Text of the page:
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Call for help if you get lost in the backcountry: it's free

Last Updated Sep 12, 2019 at 12:46 pm PDT


If you get lost in the backcountry and need to be rescued, you won't be charged

North Shore Rescue is reminding people calling for help is free

A seriously-injured hiker didn't call for help because he thought he would be charged

NORTH VANCOUVER (NEWS 1130) — A seriously injured man on Crown Mountain last week didn’t call for help because he was worried he would be charged for the rescue, according to North Shore Rescue.

Team Leader Mike Danks says that’s not true, and wants to remind people asking for help is free. He adds no SAR team province-wide charges for rescues.

“We’re a volunteer search and rescue team. We do not charge for rescues. We volunteer because we’re passionate about our community and about recreating in the outdoors and we’re there to help people in need. Our big thing is really to push for people to call early if they need help then we can figure out the situation. Maybe they can walk out on their own or maybe they do need a rescue, but those are things we can figure out once we’ve touched base with that person. They wait until the very last minute before darkness to call for rescue, or they’ll wait until they’re critically injured to call for rescue, and you know what, that’s just not worth it at all,” he says.

In this case, he explains the man was hurt, but was afraid he would be charged if he called for help.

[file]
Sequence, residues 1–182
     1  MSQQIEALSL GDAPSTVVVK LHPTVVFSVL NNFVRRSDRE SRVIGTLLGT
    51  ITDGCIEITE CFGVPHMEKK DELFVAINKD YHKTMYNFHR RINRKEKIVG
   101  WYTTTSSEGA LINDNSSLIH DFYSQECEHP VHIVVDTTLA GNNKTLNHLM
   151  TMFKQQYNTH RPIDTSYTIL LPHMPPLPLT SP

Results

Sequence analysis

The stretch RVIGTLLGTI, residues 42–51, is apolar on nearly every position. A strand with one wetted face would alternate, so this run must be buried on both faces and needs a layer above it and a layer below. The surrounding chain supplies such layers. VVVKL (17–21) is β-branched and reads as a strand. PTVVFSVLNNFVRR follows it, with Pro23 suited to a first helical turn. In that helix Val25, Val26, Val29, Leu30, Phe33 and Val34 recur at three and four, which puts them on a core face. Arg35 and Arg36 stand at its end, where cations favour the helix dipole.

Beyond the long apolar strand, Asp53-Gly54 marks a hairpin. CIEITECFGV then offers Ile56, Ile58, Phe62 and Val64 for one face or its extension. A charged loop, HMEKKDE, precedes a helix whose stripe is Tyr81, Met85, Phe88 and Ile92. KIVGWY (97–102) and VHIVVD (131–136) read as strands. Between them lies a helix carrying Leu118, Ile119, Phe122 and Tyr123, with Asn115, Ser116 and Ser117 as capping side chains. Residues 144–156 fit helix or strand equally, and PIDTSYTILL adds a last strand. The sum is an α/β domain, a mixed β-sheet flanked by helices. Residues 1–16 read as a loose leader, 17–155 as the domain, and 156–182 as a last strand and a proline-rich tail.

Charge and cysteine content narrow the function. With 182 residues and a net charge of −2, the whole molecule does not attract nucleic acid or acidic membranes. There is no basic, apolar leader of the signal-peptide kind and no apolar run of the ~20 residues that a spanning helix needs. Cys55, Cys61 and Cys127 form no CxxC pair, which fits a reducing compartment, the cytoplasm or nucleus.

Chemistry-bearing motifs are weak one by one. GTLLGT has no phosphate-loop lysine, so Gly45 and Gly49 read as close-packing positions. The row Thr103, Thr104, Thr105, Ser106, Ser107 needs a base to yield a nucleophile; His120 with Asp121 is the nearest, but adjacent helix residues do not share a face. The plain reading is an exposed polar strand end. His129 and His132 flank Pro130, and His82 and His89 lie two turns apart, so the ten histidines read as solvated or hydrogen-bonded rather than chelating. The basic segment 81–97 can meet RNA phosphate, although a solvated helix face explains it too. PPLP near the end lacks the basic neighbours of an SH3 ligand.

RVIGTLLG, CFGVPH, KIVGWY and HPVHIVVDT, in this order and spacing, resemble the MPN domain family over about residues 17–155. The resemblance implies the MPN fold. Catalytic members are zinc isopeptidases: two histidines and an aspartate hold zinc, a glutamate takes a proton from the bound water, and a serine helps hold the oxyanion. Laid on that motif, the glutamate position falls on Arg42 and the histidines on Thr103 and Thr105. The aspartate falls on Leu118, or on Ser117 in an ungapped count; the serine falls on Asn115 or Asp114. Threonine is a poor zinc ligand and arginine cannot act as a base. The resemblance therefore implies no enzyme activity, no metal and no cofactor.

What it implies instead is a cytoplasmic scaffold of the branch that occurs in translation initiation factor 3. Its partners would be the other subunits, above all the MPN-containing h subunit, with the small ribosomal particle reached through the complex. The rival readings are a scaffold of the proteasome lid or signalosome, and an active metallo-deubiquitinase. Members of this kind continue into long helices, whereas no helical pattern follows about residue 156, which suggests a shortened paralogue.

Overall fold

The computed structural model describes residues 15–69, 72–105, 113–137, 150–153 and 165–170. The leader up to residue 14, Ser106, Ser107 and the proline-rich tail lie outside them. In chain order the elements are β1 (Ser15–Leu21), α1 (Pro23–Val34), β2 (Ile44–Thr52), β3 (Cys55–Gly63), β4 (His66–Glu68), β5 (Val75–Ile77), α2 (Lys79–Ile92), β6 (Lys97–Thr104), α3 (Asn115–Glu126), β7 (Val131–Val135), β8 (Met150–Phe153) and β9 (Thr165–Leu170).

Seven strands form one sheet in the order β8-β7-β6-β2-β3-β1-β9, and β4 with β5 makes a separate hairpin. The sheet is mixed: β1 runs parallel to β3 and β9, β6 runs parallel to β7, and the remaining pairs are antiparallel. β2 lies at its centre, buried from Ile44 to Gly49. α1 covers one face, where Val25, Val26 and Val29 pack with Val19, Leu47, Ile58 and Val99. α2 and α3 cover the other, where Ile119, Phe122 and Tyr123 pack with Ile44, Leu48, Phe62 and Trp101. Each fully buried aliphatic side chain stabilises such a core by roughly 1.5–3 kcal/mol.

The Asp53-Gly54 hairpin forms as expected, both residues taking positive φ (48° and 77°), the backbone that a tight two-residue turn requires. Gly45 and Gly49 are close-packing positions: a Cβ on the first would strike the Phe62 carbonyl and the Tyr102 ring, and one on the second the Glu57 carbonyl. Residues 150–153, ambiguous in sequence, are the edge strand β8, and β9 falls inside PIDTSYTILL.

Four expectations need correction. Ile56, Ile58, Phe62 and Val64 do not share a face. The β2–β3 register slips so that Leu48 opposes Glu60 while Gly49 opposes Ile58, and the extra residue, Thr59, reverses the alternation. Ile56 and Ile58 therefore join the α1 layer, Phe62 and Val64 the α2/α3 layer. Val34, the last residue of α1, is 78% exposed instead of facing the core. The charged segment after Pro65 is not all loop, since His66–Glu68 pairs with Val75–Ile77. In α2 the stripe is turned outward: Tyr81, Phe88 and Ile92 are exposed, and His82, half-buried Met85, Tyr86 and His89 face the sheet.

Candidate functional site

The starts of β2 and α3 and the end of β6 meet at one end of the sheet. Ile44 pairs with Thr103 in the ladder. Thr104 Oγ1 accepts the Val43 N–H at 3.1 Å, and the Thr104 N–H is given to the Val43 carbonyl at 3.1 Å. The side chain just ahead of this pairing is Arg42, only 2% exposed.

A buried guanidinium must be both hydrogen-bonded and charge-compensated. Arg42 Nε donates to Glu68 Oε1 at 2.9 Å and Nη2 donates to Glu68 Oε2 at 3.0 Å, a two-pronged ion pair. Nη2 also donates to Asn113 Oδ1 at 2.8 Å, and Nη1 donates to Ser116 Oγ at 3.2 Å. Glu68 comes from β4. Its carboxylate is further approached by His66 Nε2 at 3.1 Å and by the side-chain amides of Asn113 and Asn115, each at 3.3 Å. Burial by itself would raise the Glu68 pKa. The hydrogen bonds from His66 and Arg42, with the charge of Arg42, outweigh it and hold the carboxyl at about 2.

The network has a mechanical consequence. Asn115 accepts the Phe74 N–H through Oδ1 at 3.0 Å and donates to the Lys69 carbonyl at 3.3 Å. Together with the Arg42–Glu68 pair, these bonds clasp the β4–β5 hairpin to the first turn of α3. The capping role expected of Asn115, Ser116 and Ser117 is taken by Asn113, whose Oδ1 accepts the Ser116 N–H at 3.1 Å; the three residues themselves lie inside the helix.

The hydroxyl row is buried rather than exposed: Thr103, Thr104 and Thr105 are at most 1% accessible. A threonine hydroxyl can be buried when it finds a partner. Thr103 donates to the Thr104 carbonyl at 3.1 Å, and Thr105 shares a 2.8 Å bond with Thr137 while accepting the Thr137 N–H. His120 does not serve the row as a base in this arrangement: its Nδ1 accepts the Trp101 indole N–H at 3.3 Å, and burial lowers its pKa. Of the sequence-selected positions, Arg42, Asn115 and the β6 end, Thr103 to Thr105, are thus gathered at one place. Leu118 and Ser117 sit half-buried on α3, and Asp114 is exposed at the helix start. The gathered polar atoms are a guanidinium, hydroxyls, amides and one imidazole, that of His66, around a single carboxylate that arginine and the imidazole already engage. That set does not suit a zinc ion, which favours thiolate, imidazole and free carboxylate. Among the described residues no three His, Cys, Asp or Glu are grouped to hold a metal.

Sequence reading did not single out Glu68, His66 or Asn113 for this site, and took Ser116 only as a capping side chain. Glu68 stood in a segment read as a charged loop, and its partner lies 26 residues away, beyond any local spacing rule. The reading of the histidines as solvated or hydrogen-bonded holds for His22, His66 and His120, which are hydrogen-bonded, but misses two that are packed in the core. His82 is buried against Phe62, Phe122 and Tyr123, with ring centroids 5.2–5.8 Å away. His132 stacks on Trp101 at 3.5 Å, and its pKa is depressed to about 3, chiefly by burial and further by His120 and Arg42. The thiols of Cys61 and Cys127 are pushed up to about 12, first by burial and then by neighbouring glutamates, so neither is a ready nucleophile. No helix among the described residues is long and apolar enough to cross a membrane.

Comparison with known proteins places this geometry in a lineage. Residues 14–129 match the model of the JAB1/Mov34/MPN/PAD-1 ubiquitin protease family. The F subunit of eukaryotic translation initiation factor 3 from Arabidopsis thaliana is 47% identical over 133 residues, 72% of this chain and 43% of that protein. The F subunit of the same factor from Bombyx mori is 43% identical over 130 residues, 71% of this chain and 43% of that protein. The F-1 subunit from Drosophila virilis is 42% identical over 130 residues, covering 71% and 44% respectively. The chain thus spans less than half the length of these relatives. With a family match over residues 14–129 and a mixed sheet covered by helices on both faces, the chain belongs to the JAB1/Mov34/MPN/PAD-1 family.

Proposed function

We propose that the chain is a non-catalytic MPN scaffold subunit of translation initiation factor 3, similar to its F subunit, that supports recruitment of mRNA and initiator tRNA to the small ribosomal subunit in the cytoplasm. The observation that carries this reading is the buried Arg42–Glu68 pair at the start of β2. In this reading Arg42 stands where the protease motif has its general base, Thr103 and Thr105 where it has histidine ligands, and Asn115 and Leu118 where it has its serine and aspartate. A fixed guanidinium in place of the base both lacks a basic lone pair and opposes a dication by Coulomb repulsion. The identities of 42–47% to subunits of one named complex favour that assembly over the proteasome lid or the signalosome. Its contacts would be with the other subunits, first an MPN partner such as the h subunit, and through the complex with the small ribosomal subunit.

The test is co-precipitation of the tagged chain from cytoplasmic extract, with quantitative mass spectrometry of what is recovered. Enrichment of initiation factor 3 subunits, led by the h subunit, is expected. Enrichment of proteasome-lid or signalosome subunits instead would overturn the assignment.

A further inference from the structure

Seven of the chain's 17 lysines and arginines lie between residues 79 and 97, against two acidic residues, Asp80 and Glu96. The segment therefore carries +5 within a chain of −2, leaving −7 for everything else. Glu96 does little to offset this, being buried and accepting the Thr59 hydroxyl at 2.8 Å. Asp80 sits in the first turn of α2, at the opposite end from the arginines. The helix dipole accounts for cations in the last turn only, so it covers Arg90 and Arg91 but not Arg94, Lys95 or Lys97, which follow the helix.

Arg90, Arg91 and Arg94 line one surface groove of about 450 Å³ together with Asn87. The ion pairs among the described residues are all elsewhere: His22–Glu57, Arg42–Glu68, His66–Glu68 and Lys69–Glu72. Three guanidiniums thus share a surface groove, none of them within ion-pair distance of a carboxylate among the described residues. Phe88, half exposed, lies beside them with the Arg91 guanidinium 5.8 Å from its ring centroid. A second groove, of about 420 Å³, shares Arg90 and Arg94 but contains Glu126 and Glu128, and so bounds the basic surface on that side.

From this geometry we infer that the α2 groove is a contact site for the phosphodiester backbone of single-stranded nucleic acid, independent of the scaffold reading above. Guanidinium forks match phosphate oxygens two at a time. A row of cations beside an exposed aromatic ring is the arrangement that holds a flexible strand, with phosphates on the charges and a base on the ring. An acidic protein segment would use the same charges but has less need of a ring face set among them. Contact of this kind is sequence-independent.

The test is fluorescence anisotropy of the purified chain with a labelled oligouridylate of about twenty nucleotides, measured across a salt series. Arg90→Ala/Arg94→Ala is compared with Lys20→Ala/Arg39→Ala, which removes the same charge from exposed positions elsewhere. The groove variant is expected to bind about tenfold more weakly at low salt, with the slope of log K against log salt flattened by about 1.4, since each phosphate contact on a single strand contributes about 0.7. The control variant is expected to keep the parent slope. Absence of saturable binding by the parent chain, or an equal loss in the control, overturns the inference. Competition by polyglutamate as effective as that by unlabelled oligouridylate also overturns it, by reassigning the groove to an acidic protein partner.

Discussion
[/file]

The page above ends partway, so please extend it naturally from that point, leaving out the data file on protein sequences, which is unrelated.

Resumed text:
“He ended up taking a fall, and I believe he did have a head injury and hurt his lower leg, so he was not able to walk and he ended up spending the night,” he says.

RELATED: North Shore Rescue sees ‘significant’ drop in calls after record-setting years

“I would love to speak with the [man] to find out where that information came from because, again, we have it on our website, we preach it all the time in the media, so it’s certainly misinformation that’s getting out there.”
Danks is worried someone could die in the backcountry if they’re too afraid to call and this topic was discussed years ago but nothing ever came of it.

“We did have a case a number of years ago following a rescue we did where there was talk of charging for a rescue and it was actually a tourist of Vancouver that had heard the news and heard the media talk about, ‘Should people be charged for rescues?’ and his understanding is he would be charged, so he did not call until he got injured and that’s really unfortunate.”

The injured man in this case, had serious head and lower leg injuries and was unable to walk on his own. He spent the night alone on the mountain and was helped by another hiker the following morning.

North Shore Rescue is one of the busiest teams in North America and saw a record number of call-outs in 2015, 2016, and in 2017 – but last year was the highest ever reported with 144 calls.